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To Boldly Go Nowhere, For Now
Posted by News Fetcher on September 19 '13 at 09:00 PM
By samzenpus from Slashdot's we-don't-have-lift-off department:
An anonymous reader writes "A recent Slate article makes the argument that manned space exploration is not useful and we should concentrate on Robots. The article makes the claim that manned space exploration was never popular and by diverting money to robotic space exploration we can get more bang for the buck. From the article: 'Most of the arguments in favor of manned space exploration boil down to the following: a) We need to explore space using people since keeping the entire human race on a single piece of rock is a bad strategy, and even if we send robots first, people would have to make the journey eventually; and b) humans can explore much better than robots. Both these arguments are very near-sighted—in large part because they assume that robots aren’t going to get any better. They also fail to recognize that technology may radically change humans in the next century or so.'"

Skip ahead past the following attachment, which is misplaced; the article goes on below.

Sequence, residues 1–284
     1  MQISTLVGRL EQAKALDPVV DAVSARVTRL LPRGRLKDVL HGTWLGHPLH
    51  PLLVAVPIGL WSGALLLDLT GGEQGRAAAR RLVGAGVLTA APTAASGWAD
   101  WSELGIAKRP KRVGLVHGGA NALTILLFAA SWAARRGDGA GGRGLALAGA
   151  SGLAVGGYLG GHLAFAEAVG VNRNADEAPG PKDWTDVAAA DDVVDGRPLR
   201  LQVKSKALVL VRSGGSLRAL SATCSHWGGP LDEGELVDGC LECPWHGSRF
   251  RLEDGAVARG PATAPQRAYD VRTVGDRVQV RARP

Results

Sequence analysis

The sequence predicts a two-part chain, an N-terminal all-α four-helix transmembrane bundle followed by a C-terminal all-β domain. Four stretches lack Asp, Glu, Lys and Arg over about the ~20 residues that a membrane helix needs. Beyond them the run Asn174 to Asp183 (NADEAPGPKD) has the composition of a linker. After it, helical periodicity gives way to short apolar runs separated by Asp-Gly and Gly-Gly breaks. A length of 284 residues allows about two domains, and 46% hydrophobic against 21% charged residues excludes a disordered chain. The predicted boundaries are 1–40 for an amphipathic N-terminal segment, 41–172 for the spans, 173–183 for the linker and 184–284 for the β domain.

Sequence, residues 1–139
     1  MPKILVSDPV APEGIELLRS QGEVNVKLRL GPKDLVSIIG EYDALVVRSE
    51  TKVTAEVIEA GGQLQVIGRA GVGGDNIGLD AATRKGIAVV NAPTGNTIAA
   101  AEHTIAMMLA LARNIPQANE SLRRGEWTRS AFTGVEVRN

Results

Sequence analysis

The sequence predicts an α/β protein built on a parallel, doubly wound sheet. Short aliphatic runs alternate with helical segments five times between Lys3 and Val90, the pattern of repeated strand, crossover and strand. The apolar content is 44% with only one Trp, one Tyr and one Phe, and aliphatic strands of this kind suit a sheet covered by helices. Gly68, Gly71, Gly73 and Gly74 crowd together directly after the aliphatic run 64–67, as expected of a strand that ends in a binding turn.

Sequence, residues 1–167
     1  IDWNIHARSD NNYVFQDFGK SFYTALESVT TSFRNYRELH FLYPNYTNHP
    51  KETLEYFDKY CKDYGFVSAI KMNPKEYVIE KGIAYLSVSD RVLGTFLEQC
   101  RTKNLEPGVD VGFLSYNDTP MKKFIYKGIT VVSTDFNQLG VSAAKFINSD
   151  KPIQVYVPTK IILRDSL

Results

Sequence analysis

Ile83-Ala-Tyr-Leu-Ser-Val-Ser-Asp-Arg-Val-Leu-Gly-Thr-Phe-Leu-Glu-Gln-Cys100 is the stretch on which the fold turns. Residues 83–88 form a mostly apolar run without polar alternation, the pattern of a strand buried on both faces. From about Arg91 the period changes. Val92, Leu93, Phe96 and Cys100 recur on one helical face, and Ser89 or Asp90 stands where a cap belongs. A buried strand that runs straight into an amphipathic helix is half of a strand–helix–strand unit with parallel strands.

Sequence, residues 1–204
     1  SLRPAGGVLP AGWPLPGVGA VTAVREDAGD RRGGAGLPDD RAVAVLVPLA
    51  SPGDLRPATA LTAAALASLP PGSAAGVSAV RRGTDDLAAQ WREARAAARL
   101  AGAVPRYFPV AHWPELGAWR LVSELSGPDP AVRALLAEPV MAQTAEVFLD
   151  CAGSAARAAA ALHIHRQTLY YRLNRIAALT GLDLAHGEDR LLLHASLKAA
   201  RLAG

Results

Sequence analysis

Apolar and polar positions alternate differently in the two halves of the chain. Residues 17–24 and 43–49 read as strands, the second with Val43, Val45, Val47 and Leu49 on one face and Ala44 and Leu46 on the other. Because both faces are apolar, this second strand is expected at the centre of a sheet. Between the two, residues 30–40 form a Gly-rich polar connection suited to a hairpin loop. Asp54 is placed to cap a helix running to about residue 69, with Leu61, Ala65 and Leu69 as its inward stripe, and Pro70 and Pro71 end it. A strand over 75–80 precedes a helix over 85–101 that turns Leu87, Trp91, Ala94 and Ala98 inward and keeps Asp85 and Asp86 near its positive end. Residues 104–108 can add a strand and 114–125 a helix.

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StumbleUpon Claims They've Stumbled Onto Profits
Posted by News Fetcher on September 19 '13 at 09:00 PM
By Unknown Lamer from Slashdot's thought-you-were-dead department:
cagraham writes with this excerpt from Technology Advice: "In an interview with Bloomberg, CEO Mark Bartels says that StumbleUpon is now profitable, and expects to grow their revenue by 33% this year, up to $40 million. The service has been around since 2001, was briefly owned by eBay,and earlier this year cut its staff from 120 to 70. According to Bartels, a huge increase in mobile usage has led to the turn-around, and they now have over 100,000 advertising clients. Still, they didn't provide any hard profit numbers to Bloomberg, so you'll have to take them on their word that they've successfully monetized."

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Russian Government Takes Over Country's 289-year Old Scientific Academy